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  16. Julie Robinson said on May 23, 2019 at 10:28 am

    We paid off our Fort Wayne home several years ago and lived blissfully mortgage free until we decided to buy our retirement home in Orlando. The idea was that our kids would rent it until we moved there, but housing has since gone sky-high and we’re looking at building on for extra space. I’m glad we bought when we did because we couldn’t afford to now. The 1100 sf rental our daughter moved from was bought for 250K as a tear down, and by the time a house was built the price was 675K. Truly cray.

    And speaking of truly cray, I watched more than a few of those confrontations outside the abortion clinic, when all I was trying to do was find a parking space for the library. Now there’s a shiny new high-rise in that spot, with offices, fancy condos, and an overpriced steak place.

    The Planned Parenthood office on W. Jefferson is no more; they closed up shop after the employees were doxied. They didn’t even perform abortions there, only provided healthcare to women without health insurance. Thanks, pro-lifers.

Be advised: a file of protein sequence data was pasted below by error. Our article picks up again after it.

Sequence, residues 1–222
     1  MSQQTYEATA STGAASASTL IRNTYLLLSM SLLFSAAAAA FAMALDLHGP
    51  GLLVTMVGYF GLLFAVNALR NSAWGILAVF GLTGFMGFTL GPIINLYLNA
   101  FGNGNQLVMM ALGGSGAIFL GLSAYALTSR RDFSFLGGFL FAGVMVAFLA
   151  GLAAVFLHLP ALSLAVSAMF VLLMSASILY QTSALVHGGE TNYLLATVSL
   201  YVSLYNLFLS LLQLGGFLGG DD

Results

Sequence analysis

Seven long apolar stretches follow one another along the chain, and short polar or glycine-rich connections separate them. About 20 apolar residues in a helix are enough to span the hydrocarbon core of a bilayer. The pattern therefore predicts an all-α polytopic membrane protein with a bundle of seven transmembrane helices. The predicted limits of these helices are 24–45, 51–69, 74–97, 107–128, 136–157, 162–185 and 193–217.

Andrea, I grew up outside Chicago and know what a wonderful city it is. It’s just that whole winter thing. Cannot get past that, which is why we’re Orlando bound in a couple of years.

    Alex, I’m curious, what kind of culture do you think Fort Wayne lacks? I find our arts scene vibrant and growing. We have a great orchestra and several smaller classical performance groups, a handful of theatre companies, both ballet and modern dance troupes, and three different art museums/galleries. I could go to two or three events every weekend if I had the time.

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  17. Mark P said on May 23, 2019 at 11:16 am